Air is leaking from a Russian ISS module, but 'no impact to crew,' NASA says

closeup view of the international space station
This mosaic depicts the International Space Station pictured from the SpaceX Crew Dragon Endeavour during a fly around of the orbiting lab that took place following its undocking from the Harmony module’s space-facing port on Nov. 8, 2021. (Image credit: NASA Johnson)

CAPE CANAVERAL, Florida  —  The International Space Station has sprung a leak.

The space station has a leak at the aft end of the Russian module where the nation's Progress spacecraft dock to the orbital lab, said NASA's International Space Station (ISS) Program Manager Joel Mantalbano during a press briefing on Wednesday (Feb. 28) at NASA's Kennedy Space Center here, which was held to discuss SpaceX's upcoming Crew-8 astronaut mission to the ISS. 

"I'd say that area is about three feet [0.9 meters] or so in length," Montalbano said. "Were working with our Russian colleagues on the next step. Not an impact right now on the crew safety or vehicle operations, but something for everybody to be aware of."

The leak has no impact on the Crew-8 mission, Montalbano added, which is scheduled to lift off at 12:04 a.m. EST (0504 GMT) on Friday (March. 1). Watch it live here at, courtesy of NASA.

Related: 'It's white-knuckle time:' NASA chief stresses safety for Crew-8 astronaut launch

Montalbano added that the leak began increasing in volume roughly one week prior to the Feb. 14 launch of a Progress resupply vessel to the space station. This isn't the first time that leaks in the same part of the Russian service module have had to be repaired. 

Leaks from Russian hardware have plagued the ISS in recent months. A dramatic incident occurred in December 2022 when a Soyuz MS-22 spacecraft began rapidly venting coolant into space shortly before a scheduled Russian spacewalk, which was promptly cancelled.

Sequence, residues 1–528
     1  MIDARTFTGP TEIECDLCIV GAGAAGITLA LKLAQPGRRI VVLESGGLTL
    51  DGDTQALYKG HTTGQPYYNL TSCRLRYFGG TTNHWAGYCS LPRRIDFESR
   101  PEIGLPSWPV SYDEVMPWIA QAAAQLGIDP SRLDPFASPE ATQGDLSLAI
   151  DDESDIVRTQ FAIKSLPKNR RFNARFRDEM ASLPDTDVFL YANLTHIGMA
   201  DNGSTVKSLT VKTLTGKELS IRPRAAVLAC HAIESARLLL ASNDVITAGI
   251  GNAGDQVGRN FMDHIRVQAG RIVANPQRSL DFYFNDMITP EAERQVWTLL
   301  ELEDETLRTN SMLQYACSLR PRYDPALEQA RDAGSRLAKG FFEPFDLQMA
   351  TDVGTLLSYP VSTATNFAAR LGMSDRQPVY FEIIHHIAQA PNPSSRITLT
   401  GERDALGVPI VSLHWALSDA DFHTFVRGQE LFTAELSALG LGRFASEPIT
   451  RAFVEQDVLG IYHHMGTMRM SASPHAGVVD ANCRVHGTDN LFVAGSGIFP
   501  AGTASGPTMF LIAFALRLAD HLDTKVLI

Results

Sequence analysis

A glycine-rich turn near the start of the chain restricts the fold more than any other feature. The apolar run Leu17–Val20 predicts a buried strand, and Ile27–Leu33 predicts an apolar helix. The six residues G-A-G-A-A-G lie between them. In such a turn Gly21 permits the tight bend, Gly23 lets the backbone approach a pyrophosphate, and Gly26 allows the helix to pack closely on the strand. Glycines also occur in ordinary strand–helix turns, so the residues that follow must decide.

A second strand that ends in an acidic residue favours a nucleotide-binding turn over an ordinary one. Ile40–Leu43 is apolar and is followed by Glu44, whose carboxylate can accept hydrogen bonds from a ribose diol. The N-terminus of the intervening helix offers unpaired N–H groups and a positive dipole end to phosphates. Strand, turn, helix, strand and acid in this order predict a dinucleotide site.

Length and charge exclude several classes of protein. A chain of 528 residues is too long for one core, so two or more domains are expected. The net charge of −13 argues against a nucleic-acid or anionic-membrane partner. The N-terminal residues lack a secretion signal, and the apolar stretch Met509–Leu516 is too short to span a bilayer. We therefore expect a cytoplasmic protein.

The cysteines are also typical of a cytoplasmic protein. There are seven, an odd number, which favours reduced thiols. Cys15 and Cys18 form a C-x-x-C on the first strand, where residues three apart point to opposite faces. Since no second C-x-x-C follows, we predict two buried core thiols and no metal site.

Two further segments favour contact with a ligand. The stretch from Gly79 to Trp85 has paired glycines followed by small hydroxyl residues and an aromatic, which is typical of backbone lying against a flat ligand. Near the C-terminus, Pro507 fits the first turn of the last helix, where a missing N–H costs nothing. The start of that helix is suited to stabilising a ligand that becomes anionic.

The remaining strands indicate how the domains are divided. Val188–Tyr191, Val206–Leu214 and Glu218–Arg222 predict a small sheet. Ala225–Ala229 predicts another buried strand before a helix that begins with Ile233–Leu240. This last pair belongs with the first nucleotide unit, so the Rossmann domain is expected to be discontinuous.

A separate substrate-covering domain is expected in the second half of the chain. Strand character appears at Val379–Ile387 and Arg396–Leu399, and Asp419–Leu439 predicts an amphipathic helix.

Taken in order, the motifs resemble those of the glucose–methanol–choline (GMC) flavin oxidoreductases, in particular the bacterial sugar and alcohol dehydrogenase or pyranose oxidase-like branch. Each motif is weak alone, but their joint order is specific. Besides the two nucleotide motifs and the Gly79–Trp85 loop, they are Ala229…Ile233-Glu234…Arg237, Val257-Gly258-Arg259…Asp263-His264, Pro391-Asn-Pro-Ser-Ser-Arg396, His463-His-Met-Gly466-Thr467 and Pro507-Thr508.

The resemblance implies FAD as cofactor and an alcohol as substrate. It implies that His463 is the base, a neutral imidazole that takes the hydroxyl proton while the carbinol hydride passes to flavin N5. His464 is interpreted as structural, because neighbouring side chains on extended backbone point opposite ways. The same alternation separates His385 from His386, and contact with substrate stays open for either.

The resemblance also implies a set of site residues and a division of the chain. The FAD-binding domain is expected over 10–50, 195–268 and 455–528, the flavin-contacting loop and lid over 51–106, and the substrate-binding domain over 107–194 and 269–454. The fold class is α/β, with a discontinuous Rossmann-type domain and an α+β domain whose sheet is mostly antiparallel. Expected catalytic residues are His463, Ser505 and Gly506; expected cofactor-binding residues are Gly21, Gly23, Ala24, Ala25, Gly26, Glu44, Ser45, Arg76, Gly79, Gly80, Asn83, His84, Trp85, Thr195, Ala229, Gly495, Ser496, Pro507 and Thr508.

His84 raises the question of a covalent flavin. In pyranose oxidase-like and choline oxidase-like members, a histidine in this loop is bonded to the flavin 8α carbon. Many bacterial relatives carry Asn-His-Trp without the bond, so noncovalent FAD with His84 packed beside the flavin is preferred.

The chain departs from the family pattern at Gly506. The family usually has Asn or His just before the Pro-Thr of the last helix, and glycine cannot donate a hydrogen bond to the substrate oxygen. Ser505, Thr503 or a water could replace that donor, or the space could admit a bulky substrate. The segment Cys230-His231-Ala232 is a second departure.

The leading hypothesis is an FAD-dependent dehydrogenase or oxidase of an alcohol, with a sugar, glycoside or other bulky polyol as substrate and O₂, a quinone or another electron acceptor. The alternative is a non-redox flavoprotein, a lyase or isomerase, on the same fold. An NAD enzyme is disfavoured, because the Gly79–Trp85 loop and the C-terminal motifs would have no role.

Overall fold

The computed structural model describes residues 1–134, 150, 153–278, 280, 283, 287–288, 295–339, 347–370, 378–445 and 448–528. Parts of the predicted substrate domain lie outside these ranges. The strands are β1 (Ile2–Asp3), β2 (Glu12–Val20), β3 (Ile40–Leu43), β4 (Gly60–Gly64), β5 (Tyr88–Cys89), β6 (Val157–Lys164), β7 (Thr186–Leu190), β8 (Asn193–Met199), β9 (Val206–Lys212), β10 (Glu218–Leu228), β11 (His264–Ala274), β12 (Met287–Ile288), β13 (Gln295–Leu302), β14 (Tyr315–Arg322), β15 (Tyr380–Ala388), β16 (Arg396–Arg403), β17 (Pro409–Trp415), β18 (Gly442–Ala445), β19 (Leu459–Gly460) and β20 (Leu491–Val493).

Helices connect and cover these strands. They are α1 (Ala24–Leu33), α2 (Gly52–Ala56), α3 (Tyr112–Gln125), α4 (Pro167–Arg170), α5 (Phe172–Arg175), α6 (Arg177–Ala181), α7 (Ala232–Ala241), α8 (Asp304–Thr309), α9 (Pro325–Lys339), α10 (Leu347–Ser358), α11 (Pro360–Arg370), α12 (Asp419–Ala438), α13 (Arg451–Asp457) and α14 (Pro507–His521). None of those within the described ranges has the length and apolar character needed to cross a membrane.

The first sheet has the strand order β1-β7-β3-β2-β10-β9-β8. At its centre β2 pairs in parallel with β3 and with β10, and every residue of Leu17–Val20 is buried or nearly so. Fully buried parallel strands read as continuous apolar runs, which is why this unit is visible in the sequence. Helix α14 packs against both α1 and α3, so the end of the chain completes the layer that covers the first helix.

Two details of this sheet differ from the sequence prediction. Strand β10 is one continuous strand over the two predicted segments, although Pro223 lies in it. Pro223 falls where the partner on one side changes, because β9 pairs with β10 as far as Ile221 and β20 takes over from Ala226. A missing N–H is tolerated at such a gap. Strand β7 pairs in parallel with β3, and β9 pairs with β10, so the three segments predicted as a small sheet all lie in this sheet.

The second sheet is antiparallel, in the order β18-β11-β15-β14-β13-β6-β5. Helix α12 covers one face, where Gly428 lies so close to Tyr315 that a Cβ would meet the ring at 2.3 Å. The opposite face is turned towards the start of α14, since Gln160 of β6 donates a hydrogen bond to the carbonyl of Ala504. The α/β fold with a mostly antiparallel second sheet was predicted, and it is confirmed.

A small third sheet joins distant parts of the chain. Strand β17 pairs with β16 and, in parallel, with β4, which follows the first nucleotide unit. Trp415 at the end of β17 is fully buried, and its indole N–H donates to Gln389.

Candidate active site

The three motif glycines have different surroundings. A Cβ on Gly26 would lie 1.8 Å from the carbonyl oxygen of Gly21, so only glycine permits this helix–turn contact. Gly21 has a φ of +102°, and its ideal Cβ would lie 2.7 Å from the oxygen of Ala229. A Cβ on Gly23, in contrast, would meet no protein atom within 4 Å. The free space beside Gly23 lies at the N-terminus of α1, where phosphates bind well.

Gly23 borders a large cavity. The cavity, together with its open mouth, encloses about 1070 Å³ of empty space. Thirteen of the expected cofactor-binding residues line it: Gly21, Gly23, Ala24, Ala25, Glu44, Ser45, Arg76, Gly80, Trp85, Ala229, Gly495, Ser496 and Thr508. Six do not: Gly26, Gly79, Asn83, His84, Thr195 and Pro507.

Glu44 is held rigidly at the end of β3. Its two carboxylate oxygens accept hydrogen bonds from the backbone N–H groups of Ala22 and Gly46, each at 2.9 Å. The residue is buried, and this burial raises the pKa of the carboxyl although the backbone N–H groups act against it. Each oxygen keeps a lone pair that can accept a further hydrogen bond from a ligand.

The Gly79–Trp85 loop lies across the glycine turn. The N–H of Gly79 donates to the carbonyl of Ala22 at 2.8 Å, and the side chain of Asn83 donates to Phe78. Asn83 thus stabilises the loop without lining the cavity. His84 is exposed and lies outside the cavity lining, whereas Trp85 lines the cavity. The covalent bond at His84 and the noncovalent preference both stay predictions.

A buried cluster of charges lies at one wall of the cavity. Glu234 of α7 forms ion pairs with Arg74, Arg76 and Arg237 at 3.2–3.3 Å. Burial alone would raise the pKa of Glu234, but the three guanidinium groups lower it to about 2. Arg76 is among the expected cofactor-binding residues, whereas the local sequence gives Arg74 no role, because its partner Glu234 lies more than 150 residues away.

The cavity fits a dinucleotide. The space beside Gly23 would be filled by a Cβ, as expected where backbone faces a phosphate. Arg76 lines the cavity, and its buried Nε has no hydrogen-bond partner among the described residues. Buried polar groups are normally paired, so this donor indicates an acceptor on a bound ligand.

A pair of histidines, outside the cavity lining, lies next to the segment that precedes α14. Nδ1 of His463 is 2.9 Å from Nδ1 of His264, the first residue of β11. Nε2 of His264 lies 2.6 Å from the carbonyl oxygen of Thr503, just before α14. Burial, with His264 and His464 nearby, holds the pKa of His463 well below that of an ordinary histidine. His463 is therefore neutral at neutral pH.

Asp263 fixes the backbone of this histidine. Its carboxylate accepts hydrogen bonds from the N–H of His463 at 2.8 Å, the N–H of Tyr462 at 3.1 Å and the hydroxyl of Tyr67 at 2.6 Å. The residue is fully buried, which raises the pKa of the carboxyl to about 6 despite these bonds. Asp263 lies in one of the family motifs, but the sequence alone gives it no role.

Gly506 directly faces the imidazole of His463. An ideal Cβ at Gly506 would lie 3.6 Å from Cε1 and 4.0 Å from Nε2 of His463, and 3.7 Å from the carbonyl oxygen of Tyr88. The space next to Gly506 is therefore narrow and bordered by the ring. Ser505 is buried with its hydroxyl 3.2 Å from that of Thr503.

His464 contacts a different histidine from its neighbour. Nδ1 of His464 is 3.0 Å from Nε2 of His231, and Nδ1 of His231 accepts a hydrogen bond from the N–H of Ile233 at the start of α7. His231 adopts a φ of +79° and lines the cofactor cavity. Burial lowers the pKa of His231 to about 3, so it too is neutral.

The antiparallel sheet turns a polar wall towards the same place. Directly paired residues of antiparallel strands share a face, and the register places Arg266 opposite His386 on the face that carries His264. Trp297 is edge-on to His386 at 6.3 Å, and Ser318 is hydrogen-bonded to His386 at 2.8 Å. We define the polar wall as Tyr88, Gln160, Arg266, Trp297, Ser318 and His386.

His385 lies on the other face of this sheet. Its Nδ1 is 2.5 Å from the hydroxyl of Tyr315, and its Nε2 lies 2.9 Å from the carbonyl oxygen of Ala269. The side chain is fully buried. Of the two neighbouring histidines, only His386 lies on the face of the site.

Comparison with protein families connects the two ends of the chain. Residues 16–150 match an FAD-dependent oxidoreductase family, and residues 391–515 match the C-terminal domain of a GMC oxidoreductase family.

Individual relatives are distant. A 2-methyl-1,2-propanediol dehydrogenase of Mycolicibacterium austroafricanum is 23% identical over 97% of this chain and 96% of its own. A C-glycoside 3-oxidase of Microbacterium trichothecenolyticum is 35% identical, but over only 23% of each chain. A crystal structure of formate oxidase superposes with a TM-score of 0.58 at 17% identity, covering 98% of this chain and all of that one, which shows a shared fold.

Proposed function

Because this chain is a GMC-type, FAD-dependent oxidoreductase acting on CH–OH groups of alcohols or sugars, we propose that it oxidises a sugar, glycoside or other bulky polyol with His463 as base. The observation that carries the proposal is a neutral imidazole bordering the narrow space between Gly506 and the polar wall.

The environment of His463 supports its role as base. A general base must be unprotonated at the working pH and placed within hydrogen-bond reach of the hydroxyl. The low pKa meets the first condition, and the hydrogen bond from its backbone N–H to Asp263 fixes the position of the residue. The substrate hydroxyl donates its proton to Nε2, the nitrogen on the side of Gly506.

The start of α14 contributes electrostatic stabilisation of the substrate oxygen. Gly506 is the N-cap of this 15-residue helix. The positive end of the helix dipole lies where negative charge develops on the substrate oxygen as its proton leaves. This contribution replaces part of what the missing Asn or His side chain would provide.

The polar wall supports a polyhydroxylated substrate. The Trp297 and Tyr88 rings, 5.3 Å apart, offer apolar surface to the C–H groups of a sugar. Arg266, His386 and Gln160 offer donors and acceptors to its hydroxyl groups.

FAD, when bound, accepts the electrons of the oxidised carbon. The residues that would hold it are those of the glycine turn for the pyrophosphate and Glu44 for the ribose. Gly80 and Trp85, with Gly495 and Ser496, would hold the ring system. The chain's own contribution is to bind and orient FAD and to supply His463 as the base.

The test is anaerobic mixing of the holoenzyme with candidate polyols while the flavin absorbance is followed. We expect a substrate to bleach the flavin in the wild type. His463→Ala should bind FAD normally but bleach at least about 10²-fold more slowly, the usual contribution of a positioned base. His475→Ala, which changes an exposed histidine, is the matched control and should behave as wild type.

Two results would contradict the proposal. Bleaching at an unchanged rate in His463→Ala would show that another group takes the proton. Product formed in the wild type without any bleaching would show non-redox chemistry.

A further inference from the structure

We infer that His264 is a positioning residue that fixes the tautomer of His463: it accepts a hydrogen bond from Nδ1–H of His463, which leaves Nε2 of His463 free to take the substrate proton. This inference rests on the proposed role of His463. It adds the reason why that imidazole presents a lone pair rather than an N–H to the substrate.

Coolant leaking from Russia's Soyuz crew capsule docked to the International Space Station. (Image credit: NASA)

With few other options and not enough lifeboats, the Russian space agency sent up an empty replacement Soyuz, a vehicle called MS-23, and brought the leaky spacecraft home back to Earth empty for analysis. 

Three astronauts spent 12 months on the ISS instead of the planned six while the replacement spacecraft was sent up. NASA astronaut Frank Rubio ended up spending 371 days on the lab due to the leak and delays in getting a replacement sent up, setting a new American record for longest continuous spaceflight.

Then, in February 2023, another Russian cargo spacecraft (Progress 82) sprang an ammonia leak while docked at the space station. Another leak happened seven months later, this time in the Russian Nauka Multipurpose Laboratory Module.

Experts say Russia's war on Ukraine has caused lasting damage to cooperation in space between Russia and its international partners. Shortly after the invasion, Russia signaled it wants to develop its own space station in low Earth orbit and leave the ISS sometime after 2028.

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Brett Tingley
Managing Editor,

Brett is curious about emerging aerospace technologies, alternative launch concepts, military space developments and uncrewed aircraft systems. Brett's work has appeared on Scientific American, The War Zone, Popular Science, the History Channel, Science Discovery and more. Brett has English degrees from Clemson University and the University of North Carolina at Charlotte. In his free time, Brett enjoys skywatching throughout the dark skies of the Appalachian mountains.